August 16, 2010

Taking pot 'out of the shadows'

Advocates say the availability of medical marijuana leads to a greater general acceptance of cannabis.

By John Richardson
Staff Writer

(Continued from page 1)

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Employee Derek Flores, right, waits for a patient at a display case at the Harborside Health Center in Oakland, Calif. The center will be one of the models for Maine's first medical marijuana dispensaries.

John Patriquin/Staff Photographer

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This is a small sample of the cannabis offerings in a display case at the Harborside Health Center.

John Patriquin/Staff Photographer

Additional Photos Below


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"I need it to help me sleep at night," says Heidi Svendsgaard, looking over the choices.

Derek Flores hands her a small glass jar of Mendo Purps, one of the most expensive varieties in the case.

"What's the THC content?" Svendsgaard asks. At 14.78 percent, it's worth the $60 for an eighth of an ounce, she says. "The higher the THC, the better I sleep."

Like Berkeley Patients Group, a nearby dispensary that also is serving as a model for Maine's new startups, Harborside offers its patients a variety of free services, including counseling, yoga, Reiki and acupuncture. It also has intense security, with staff and video cameras watching every angle of the building and parking lot.

Unlike Berkeley Patients Group, however, Harborside doesn't allow patients to smoke or consume marijuana on site. The city of Oakland doesn't permit it, and DeAngelo said that's all right with him because Harborside's ultimate goal is to make the community as comfortable as possible with his line of work.

As DeAngelo and Harborside promote medical marijuana, Oakland's Richard Lee is challenging attitudes in his own way.

Lee is the unofficial mayor of Oaksterdam, a downtown neighborhood named after Amsterdam, the world's best-known marijuana mecca.

Here, within a few blocks of Oakland City Hall, a California resident can find doctors willing to write a recommendation for medical marijuana (a visit costs about $100), get an official medical marijuana I.D. card ($50), and then buy marijuana and a handmade glass pipe to smoke it in. New patients are easy to spot as they cross Broadway with fresh, green paperwork in hand.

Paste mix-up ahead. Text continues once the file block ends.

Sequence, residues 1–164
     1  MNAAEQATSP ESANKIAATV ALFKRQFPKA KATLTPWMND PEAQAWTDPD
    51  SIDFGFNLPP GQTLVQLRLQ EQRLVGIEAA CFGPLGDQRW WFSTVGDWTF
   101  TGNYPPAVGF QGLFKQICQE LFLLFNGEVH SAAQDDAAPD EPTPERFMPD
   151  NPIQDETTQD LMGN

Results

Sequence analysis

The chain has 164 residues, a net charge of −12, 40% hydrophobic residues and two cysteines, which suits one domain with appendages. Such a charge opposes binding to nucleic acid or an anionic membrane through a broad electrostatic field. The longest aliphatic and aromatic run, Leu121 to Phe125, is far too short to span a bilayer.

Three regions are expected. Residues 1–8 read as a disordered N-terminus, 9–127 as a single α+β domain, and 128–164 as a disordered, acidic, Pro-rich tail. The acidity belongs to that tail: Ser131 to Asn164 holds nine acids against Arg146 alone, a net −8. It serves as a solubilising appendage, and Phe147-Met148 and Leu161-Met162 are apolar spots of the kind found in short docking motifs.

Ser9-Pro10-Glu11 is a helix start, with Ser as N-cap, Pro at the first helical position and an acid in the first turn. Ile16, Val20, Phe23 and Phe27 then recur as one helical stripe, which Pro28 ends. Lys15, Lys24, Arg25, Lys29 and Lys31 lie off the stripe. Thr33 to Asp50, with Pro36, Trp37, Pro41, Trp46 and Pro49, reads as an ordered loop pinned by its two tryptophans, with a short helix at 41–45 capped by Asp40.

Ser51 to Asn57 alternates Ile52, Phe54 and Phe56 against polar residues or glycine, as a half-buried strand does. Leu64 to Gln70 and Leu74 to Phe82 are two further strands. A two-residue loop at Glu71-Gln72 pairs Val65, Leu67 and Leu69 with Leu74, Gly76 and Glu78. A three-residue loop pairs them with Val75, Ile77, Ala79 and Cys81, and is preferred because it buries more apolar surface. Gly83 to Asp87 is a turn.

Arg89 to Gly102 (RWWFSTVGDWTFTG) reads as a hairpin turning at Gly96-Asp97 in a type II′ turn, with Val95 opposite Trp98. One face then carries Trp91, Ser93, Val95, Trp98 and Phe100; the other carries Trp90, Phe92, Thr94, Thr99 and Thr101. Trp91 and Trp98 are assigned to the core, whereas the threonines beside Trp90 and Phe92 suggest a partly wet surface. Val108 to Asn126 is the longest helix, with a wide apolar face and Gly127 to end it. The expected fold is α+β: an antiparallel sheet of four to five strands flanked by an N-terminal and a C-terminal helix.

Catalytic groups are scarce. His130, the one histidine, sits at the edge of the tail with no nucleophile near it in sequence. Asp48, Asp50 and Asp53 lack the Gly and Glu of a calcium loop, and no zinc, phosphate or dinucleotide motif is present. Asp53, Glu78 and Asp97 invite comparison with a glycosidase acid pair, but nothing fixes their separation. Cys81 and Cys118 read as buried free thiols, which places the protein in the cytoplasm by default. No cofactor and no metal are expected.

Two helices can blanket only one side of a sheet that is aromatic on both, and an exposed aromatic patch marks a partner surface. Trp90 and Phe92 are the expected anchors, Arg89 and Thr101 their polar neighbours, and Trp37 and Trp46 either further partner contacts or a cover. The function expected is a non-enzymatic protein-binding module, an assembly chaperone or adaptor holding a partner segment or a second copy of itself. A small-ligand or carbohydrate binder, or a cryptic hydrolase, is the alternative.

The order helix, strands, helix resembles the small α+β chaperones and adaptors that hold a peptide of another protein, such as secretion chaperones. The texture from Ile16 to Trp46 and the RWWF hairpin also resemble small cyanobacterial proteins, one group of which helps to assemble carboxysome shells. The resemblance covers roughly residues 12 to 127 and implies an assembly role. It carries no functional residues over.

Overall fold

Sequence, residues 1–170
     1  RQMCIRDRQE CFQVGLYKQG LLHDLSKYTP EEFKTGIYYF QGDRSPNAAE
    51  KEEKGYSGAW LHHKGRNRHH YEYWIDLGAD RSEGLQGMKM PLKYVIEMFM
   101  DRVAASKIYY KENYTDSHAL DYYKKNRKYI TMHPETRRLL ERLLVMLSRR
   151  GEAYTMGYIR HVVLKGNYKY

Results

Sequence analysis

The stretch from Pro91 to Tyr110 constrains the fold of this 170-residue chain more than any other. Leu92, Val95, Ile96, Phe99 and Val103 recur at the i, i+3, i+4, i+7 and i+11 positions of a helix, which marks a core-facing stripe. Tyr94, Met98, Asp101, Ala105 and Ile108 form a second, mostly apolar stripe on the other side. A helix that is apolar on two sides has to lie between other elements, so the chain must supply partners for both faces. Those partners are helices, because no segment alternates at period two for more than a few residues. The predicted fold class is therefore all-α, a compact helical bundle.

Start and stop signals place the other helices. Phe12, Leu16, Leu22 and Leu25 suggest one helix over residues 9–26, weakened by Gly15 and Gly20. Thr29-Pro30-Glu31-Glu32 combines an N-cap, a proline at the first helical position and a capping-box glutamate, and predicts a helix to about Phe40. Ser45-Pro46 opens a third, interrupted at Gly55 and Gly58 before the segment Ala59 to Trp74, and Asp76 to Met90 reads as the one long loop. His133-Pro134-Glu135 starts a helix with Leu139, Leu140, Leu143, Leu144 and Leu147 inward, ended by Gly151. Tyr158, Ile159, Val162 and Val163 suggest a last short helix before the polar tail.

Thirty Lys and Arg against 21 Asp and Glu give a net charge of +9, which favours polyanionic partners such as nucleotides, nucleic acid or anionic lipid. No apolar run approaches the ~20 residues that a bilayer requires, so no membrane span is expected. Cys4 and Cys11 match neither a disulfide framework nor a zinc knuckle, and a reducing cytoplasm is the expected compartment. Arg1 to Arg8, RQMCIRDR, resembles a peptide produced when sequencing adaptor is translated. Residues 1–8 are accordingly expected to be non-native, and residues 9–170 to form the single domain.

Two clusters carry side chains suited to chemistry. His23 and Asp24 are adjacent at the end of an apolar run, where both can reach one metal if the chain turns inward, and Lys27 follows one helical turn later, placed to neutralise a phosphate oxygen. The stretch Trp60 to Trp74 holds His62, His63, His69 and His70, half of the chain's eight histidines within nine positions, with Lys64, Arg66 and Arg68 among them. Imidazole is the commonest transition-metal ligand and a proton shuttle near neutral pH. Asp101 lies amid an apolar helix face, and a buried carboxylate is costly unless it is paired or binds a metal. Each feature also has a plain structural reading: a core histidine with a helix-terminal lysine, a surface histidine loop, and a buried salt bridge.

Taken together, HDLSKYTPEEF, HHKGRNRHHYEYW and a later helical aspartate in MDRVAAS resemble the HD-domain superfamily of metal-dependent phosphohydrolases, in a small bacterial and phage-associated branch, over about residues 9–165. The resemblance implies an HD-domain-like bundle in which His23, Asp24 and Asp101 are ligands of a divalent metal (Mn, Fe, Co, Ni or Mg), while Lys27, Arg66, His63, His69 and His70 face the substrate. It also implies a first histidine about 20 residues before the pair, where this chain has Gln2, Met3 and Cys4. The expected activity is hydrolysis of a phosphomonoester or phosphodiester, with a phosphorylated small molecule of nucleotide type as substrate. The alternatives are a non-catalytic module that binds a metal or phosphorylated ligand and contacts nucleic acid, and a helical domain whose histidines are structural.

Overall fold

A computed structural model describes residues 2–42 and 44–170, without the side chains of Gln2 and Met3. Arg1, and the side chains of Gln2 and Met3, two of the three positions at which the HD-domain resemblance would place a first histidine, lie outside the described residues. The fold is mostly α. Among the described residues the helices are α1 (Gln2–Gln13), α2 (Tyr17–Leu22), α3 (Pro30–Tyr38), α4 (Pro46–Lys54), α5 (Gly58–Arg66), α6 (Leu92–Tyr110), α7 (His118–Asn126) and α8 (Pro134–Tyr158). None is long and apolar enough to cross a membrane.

Lee is somewhat of a local hero here and greets admirers and local business people as he navigates the sidewalks in his wheelchair. "They know that we contribute a lot of business," Lee said.

Lee is founder of Oaksterdam University, which attracts student entrepreneurs from around the country who pay tuition to learn how to legally grow, process and sell marijuana. The school's motto is "Quality Training for the Cannabis Industry."

Lee also owns Oaksterdam Gift Shop and Blue Sky Coffeeshop, which has a small-but-busy marijuana dispensary in the back room.

"The business is my politics," Lee said.

And business could soon get even better. Lee is a driving force and financier behind the campaign to legalize and tax the recreational use of marijuana, a proposition on the California ballot in November.

The way Lee sees it, California has already moved beyond medical marijuana to de facto legalization and should just make it official.

"How do you say, 'You have enough pain to deserve it and you don't'?" he said. "We're talking about taking what's already happening and taxing and regulating it."

At the same time, however, Lee said medical marijuana dispensaries change attitudes about the drug as they spread into new states, such as Maine. "People see that the sky doesn't fall."

And, he predicted, it won't be long before marijuana is legalized nationally.

DeAngelo, meanwhile, said he is staying focused on increasing acceptance of marijuana as a safe and potent medicine. But he agrees that acceptance, and ultimately legalization, is inevitable as more  people are exposed to cannabis.

"The plant has an effect wherever she goes," he said. 

Staff Writer John Richardson can be contacted at 791-6324 or at:

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Additional Photos

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Patients wait in line for their medication at the Harborside Health Center in Oakland, Calif. Harborside serves up to 800 patients each day, did about $20 million in sales last year and employs 80 people with a starting wage of $14 per hour.

John Patriquin/Staff Photographer

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Steve DeAngelo, the founder of Harborside Health Center in Oakland, Calif., with his fedora and braids, is one of northern California’s most recognizable cannabis celebrities.

John Patriquin/Staff Photographer


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